The Conservation Council of WA (CCWA) has urged the state government to take the opportunity to reexamine Western Australia’s Aboriginal cultural heritage laws after it was announced that the latest legislation would be repealed.
The WA State Government confirmed yesterday that it would be scrapping the new Aboriginal Cultural Heritage Act 2021, little more than five weeks after they had been introduced. The laws were developed in the wake of the destruction of the 46,000 year-old, culturally significant caves at Juukan Gorge in 2020 by Rio Tinto, but the new legislation had attracted criticism from some land owners.
The WA Premier, Roger Cook, said that the 2021 Act would now be revoked and the original laws – dating back to 1972 – would be reintroduced with some amendments. This is despite the original act being described as ‘an outmoded relic from an era when Aboriginal people and culture were not respected’ by former WA Treasurer, Ben Wyatt.
“By reverting to original 50-year-old legislation we can reset, end all the confusion and importantly, strike the right balance”, the Premier said.
Having initially defended the legislation – even going so far as to publicly condemn its critics – Mr Cook later told the media that the legislation had caused ‘stress, confusion and division in the community’, for which he apologised.
State-wide survey project to be undertaken
Objections to the new act had largely been in relation to a requirement for landowners to understand and document cultural heritage sites on their land before carrying out certain types of work.
Some landowners had said they were unsure how this would work, how much it would cost and how they would be expected to carry out this requirement.
Following yesterday’s announcement, Mr Cook said that property owners would no longer be required to undertake surveys of their own land. Instead, the state government would begin a process of documenting cultural heritage sites in ‘high priority’ areas, with the findings of those surveys to be published and made publicly available. It has not yet been confirmed which individuals or which body will decide what qualifies as a ‘high priority’ area.
The Premier said that existing native title groups would receive support to develop the extra capacity needed to work alongside government and industry with regards to Aboriginal Cultural Heritage.
New amendments to WA’s cultural heritage laws will include a ban on gag orders for Traditional Owners and a right of review for decisions granted under the controversial Section 18 process which allows proponents to seek permission from the state government to destroy recognised cultural heritage.
Critics call decision ‘a backwards step’
While the state government’s decision was welcomed by some, groups like the Puutu Kunti Jurrama and Pinikura Aboriginal Corporation (PKKP) – the Traditional Owner group of Juukan Gorge – said that the reintroduction of the 1972 act was a mistake.
“We’re going back to pre-native title legislation, that was never fit for purpose, that benefitted industry over Aboriginal heritage”, PKKP Land and Heritage Manager Dr Jordan Ralph told the ABC.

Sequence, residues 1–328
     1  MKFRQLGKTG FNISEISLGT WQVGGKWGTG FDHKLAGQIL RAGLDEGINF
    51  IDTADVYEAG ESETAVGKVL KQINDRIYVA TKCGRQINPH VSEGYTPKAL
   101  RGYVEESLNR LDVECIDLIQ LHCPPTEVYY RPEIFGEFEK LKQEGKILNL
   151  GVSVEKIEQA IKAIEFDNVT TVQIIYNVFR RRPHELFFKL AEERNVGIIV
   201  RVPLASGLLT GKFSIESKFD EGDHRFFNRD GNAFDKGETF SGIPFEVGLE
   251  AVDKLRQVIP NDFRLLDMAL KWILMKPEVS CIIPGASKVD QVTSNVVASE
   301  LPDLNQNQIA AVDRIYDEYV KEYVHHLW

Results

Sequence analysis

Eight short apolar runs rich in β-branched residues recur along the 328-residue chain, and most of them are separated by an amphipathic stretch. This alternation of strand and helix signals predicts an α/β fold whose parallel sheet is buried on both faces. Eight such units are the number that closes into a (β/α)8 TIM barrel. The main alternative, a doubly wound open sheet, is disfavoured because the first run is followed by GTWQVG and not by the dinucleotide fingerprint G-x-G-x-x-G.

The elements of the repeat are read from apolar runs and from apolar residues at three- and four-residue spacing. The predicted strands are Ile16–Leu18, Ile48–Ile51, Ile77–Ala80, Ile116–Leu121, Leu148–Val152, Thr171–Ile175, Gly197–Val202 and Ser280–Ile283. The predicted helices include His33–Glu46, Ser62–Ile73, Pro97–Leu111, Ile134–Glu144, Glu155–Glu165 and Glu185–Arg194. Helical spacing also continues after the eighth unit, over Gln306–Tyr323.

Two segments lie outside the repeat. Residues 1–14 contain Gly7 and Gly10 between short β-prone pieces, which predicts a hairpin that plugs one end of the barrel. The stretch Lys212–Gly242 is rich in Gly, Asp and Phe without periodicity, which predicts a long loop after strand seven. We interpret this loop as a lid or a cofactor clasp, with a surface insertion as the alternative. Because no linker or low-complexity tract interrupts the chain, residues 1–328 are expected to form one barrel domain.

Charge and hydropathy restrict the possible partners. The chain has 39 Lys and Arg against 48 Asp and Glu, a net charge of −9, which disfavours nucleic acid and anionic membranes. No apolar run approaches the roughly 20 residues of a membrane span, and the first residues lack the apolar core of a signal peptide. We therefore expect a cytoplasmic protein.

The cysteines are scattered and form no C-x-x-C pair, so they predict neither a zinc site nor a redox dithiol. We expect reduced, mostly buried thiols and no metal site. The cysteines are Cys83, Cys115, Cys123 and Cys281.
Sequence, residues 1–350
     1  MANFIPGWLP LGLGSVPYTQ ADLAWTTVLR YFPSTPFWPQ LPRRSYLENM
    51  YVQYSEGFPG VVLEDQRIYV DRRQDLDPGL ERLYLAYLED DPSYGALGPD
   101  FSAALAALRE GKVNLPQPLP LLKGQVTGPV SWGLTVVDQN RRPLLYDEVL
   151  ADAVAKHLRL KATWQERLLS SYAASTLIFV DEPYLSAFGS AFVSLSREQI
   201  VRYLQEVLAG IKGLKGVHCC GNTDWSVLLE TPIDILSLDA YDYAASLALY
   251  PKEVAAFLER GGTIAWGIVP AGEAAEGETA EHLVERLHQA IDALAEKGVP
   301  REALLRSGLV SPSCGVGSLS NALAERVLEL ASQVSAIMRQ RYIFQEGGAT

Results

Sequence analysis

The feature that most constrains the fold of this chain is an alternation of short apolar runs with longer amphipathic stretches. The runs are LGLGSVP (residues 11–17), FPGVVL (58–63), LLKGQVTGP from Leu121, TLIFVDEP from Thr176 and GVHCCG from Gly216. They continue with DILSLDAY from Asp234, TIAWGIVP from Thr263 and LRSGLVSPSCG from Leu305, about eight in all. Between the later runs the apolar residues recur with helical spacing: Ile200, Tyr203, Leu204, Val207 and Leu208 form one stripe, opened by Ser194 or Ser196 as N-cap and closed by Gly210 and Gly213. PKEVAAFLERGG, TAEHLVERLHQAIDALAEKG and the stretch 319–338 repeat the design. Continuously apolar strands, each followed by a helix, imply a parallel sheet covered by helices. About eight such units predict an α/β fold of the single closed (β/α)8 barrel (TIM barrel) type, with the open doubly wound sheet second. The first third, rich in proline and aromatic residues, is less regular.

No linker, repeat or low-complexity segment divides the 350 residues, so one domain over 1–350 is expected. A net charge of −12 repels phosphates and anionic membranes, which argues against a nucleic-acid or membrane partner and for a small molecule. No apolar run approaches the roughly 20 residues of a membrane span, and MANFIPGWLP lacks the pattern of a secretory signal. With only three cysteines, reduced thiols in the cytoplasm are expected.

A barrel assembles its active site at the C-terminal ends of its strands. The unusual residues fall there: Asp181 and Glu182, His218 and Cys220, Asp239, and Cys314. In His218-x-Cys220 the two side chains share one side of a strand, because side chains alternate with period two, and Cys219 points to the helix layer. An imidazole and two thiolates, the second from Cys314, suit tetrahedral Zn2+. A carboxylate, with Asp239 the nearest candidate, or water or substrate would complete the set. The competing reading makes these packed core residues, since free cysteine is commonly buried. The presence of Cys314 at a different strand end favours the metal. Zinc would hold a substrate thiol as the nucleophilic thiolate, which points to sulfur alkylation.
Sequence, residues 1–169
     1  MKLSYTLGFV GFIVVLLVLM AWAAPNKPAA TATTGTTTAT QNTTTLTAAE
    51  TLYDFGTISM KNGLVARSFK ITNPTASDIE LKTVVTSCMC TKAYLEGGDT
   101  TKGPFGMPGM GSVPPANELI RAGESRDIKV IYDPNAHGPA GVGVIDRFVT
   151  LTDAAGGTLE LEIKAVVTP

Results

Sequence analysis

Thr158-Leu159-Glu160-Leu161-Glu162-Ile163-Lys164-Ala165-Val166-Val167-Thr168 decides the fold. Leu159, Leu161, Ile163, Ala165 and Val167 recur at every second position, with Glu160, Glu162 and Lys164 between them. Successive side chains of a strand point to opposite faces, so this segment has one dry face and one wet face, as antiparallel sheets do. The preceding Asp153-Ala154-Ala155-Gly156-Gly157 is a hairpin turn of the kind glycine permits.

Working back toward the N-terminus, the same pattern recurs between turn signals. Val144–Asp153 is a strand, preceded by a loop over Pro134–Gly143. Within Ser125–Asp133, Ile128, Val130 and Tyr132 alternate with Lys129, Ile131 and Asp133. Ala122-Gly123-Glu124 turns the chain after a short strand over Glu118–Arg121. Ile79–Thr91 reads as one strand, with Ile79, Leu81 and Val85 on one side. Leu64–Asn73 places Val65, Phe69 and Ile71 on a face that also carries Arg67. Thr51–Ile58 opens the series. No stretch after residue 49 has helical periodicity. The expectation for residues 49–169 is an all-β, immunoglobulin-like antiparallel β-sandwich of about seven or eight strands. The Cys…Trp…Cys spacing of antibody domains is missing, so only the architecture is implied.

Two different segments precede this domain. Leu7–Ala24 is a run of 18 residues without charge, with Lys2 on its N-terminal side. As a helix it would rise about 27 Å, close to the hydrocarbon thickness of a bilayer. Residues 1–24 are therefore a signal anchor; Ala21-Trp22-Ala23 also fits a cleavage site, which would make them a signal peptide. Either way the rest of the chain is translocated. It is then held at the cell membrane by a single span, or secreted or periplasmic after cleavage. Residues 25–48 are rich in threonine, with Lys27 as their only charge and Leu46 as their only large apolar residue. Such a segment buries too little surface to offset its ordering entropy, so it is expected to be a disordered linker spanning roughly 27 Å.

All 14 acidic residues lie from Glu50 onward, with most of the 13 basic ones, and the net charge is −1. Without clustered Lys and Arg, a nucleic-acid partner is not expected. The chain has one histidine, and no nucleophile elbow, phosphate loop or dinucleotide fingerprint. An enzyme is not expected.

“It’s a backward step – and that’s probably an understatement.
“We went through an entire senate enquiry around this (…) those reports from the senate enquiry recorded ‘a way forward’ and ‘never again’. This is not a way forward.”
The Chief Executive of the National Native Title Council, Jamie Lowe, told The Guardian that WA’s cultural heritage laws had been ‘a total disaster’ and left Indigenous groups and native title owners ‘frustrated and angry’.
“You get the result of this: a waste of taxpayers’ money, people’s time and energy and a net result of zero”, he said.
Indigenous leaders have called for an ‘urgent roundtable’ with the WA State Government.
‘A second chance to get it right’ – CCWA
CCWA Executive Director, Joe Heffernan, expressed his dismay at the failure of the state government to deliver important cultural heritage reforms.
“Effective conservation of WA’s natural places sits side-by-side with effective cultural heritage protection, in part through legislation”, he said.
Mr Heffernan called on the state government to listen to Aboriginal leaders in the state and proceed with a collaborative approach to the legislation.
“For all the criticism of the now abandoned legislation, we can’t lose sight of the fact that the 1972 act was not fit for purpose and did not recognise the rights of Indigenous people on this matter. The act treated Aboriginal heritage as the property of the minister of the day”, he said.
“That the Juukan Gorge disaster was allowed to happen under the 1972 legislation is reason enough to conclude that simply reinstating the old laws is not going to provide the protections needed.”
Mr Heffernan urged the state government to seek early advice from Indigenous groups regarding any surveys that the government intends to undertake and publish.
“We call on the state government to take this opportunity for what it is – a second chance to get this very important legislation right and deliver the cultural protections that Aboriginal people are asking for.”
MEDIA INFORMATION: The Conservation Council of WA (CCWA) is the state’s foremost non-profit, non-government conservation organisation representing nearly 100 environmental organisations across Western Australia.
For more information, visit: ccwa.org.au.
CONTACT: For any enquiries relating to this release, please contact Robert Davies
08 6558 5156 / 0412 272 570 or by email, [email protected]